Northwest NEWS

August 6, 2001


Repaying a debt of gratitude

by Deborah Stone
   Features Writer
   At the age of 34 Jonathon Eide had a dynamic professional life as co-owner of a successful Seattle sales and marketing firm and an equally satisfying personal life. He owned his own home and had recently become engaged. He enjoyed an active lifestyle and looked forward to a future filled with years of prosperity and comfort.
   "Everything was going my way," says Eide, "and then God presented me with an incredible challenge, one that I hadn't expected nor was prepared to handle at that time. I didn't know then that it would benefit me in so many ways and serve as an incredibly valuable experience, one that would always be with me."
   The challenge for this Bothell man came in the form of a familial call to tend to his rapidly ailing father, a man who had been stricken with a debilitating illness and essentially abandoned by his second wife.
   For nearly six years, Eide took care of his dad, devoting his time, energy and resources to assuring that his dad received the care he deserved. The price for this loyalty and devotion was costly in terms of Eide's emotional and financial losses, but as a result of these sacrifices, he learned lessons in humanity that would forever change his life.
   Eide's account of these years is detailed in his novel entitled "Orphaned at 39," a compassionate soul-baring story that is also educational in its content.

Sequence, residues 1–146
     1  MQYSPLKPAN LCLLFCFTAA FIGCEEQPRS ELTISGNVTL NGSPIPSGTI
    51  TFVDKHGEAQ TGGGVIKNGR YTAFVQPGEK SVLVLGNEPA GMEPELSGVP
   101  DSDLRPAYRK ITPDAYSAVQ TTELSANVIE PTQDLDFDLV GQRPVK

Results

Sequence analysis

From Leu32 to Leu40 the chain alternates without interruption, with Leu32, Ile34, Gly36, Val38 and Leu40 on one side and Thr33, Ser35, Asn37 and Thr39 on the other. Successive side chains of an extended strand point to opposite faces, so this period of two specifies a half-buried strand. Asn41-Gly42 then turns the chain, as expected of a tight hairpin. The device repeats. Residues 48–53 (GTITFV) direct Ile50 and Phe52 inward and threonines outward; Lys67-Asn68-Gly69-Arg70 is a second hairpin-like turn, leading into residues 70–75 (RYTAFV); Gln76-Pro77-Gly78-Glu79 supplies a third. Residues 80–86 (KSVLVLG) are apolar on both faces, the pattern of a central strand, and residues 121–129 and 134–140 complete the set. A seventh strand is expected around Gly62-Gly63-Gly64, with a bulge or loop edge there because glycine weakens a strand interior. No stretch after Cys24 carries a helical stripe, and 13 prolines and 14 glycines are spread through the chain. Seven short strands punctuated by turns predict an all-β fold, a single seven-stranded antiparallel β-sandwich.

The book was recently published by 1st Books Library and it is currently available via the Internet through various major booksellers' online services.
   Eide had entertained thoughts of writing a book about his experience following his father's death in 1995, but it wasn't until two years later that he became motivated to embark on the project.
   He says, "I had recently moved to Bothell and at a neighborhood get-together one night, I mentioned my idea to one of my neighbors, Joanne McDaniel. She was very interested in hearing about it and said that she wanted to read my book when I wrote it. Joanne really inspired me and the next day I began writing.
   When I had written several chapters, I gave them to her and she responded with positive feedback, which kept me going. Her feedback along the way has been so valuable and helpful to me."
   The first manuscript of the book took about six months to write. Eide wanted to tell his account in story form, but include textbook information to share with others who might be dealing with a similar situation or preparing to take on the care of an elderly family member.
   "It was very important to me that the book wasn't in a textbook style and that it flowed like a story," explains Eide. "I wanted to offer suggestions and information that could help people, but do it in such a way that it wasn't like a manual. More importantly, I wanted readers to experience my story and get a good picture of the people involved."
   After completing the manuscript, Eide shopped around for a publisher. He didn't want to relinquish his rights to the story, as it was important to him for the account to remain true to his words. He eventually settled on a joint equity project deal, which is basically a shared situation between author and publisher.
   "When I finally got an editor, the process got rolling and then the work really began," comments Eide. "There were rewrites and changes and lots of editing, as well as decisions on cover design, photos within the book, quotations to insert, etc. I really was totally naive about this process, being a first time author, but it has been a great learning experience for me."